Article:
Monday, January 01, 2007

The Logic of Minimum Wage

In a recent post, Greg Mankiw, author of the dominant economics textbook I had in university and practically any ECON 101 course, and former Chairman of the President's Council of Economic Advisers, questioned the logic of raising the minimum wage. He observes that a minimum wage increase is, in effect, "a tax on employers who hire unskilled workers."

Not convinced? Let's say you're running a small business, forced to choose between a teen who you had hired for $5 bucks an hour and are now forced to pay $7. You know that if you had paid $7 originally you could have hired someone who is better and likely more productive (that is if you decide you can afford someone at all at $7). With the government forcing you to hire at $7 then, why would you continue with the unskilled teen? What then, happens to the unskilled? Consider the difference between how France and the US have approached the problem. With somewhat different results.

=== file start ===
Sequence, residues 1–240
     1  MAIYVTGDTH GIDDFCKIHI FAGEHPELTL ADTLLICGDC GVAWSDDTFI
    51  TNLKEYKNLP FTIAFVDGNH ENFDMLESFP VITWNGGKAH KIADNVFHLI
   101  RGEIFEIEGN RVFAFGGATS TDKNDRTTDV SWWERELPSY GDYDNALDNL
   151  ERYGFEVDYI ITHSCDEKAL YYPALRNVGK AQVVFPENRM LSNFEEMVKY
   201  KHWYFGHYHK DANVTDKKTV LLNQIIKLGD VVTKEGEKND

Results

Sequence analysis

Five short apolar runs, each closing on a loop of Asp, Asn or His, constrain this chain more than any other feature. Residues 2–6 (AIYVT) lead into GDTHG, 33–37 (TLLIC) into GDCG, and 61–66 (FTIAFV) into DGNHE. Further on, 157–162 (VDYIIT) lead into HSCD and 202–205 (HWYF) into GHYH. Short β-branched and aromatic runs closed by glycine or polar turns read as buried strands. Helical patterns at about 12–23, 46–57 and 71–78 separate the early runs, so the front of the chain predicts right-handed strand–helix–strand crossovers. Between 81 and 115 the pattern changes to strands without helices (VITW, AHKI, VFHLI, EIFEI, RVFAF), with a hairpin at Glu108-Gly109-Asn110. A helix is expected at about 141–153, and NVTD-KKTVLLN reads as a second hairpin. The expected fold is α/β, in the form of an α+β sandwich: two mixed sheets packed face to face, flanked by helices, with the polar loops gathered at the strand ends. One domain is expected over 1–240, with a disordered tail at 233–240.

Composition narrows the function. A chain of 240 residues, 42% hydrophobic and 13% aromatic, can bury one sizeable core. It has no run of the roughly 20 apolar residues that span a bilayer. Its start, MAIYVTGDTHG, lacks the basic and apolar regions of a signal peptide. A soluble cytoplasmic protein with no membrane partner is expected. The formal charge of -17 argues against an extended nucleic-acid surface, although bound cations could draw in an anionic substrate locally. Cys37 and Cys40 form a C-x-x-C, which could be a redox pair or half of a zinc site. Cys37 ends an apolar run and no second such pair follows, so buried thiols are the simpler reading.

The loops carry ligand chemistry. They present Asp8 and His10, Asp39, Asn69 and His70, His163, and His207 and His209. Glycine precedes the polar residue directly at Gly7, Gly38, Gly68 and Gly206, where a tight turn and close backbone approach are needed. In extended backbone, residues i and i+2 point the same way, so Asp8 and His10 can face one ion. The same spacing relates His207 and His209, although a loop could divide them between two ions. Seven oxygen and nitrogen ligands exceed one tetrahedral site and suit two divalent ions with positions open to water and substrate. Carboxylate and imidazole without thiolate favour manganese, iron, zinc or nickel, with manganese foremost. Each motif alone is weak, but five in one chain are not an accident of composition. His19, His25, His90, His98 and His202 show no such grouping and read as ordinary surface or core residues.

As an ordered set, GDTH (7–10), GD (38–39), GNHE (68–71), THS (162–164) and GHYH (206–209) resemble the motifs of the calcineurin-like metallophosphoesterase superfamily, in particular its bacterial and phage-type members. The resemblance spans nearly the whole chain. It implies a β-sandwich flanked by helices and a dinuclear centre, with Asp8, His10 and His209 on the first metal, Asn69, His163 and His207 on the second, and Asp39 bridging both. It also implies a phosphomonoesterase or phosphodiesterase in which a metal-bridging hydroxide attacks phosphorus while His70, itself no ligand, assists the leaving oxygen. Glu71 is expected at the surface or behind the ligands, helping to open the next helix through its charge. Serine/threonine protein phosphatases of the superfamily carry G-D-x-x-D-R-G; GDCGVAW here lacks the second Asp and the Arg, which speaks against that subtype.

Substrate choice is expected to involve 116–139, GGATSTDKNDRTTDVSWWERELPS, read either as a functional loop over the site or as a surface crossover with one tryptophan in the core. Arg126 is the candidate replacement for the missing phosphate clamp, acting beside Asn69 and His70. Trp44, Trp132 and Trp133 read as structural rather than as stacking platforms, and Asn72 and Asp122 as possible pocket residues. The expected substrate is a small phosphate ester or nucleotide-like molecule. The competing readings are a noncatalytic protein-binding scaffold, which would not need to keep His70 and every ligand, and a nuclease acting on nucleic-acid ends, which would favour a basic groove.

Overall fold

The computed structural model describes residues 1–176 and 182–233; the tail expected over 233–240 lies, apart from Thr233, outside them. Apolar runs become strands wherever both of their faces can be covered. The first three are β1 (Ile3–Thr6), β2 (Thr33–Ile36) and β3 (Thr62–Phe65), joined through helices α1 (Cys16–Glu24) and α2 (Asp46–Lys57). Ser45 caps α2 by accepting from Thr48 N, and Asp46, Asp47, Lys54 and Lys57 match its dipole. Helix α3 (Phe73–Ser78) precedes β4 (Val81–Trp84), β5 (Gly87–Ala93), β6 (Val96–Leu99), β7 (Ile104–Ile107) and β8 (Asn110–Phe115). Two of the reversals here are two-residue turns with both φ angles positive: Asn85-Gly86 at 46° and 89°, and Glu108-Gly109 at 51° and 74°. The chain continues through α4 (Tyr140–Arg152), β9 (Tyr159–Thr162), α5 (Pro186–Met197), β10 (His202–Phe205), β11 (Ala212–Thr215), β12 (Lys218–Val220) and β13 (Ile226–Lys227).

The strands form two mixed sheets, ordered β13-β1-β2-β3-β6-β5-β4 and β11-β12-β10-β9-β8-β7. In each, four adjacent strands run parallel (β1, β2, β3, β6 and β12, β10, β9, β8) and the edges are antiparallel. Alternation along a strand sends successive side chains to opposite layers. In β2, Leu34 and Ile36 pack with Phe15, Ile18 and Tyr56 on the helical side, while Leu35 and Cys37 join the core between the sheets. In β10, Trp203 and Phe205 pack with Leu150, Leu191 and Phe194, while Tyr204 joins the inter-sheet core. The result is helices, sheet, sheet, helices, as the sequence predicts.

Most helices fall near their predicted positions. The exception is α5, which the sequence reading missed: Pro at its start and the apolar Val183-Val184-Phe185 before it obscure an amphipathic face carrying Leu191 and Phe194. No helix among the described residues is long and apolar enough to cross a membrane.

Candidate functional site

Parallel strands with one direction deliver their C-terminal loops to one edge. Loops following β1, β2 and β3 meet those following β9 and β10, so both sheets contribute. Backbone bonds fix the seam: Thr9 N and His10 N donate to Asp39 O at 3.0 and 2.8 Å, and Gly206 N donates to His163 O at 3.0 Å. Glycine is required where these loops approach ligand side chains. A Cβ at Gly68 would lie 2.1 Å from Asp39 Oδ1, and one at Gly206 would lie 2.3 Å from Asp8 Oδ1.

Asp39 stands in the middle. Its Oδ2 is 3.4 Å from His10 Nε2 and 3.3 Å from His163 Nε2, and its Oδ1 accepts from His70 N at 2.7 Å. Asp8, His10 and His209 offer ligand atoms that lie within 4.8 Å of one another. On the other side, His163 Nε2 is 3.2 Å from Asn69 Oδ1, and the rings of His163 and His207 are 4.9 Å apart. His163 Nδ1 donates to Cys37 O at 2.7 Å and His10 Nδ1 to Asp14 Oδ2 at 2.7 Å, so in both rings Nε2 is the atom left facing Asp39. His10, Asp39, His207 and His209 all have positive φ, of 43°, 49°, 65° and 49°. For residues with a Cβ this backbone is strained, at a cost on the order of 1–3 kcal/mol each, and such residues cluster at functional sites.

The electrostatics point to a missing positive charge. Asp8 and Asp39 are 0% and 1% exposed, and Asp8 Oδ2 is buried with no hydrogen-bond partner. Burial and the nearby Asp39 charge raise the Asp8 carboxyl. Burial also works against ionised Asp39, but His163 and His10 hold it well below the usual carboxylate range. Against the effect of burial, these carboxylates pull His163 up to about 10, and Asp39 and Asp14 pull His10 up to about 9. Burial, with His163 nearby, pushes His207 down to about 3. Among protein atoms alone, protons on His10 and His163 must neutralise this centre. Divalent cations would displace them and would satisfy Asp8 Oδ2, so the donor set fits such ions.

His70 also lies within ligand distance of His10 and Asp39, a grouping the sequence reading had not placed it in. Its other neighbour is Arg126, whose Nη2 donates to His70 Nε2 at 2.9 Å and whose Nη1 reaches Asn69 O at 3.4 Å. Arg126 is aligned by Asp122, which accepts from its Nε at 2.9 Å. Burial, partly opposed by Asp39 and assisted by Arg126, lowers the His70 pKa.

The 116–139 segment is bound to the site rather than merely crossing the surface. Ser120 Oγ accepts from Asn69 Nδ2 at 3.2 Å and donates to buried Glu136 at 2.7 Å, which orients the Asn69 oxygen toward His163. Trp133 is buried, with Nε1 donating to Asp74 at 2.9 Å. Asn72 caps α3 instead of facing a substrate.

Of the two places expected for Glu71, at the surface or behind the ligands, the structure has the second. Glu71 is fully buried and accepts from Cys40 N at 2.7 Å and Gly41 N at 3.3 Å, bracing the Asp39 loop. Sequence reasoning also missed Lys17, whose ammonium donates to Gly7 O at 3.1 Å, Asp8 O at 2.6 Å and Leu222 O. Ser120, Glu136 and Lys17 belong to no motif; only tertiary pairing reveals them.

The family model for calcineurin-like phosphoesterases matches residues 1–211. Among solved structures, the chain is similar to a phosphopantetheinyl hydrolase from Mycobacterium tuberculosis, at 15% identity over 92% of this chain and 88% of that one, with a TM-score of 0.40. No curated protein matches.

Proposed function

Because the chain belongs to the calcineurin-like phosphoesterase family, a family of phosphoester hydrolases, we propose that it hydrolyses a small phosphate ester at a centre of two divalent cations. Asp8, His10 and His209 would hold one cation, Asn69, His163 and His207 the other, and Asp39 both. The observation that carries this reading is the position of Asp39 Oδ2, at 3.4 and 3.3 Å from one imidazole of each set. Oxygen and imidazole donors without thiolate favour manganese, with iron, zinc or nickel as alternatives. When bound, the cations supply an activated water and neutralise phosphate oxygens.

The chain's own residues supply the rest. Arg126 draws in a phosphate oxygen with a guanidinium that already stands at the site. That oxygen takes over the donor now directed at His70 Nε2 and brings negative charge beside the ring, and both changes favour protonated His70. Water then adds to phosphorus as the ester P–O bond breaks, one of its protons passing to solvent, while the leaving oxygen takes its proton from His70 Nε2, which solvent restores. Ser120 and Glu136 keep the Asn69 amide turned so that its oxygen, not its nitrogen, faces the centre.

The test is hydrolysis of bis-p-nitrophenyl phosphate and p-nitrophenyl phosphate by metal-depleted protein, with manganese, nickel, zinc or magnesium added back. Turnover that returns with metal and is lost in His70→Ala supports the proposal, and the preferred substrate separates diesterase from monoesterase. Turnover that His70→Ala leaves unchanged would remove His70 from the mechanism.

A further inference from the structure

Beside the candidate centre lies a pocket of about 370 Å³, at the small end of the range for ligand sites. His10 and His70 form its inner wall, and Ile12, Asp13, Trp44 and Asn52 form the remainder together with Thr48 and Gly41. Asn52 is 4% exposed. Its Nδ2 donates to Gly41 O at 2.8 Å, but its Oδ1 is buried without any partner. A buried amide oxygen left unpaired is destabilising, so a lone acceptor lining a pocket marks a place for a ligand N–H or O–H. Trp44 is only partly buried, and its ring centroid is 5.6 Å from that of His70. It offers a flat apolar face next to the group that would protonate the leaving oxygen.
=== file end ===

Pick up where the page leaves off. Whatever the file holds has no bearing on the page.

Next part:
The oddity of the arguments for minimum wage (once you get past the idea that what feels good may not actually be good and the cynicism of what's an obviously populist ploy), seems to be that money magically grows from trees and with the sprinkling of a little pixie dust, by creating a "price floor" no unintended consequences will result.

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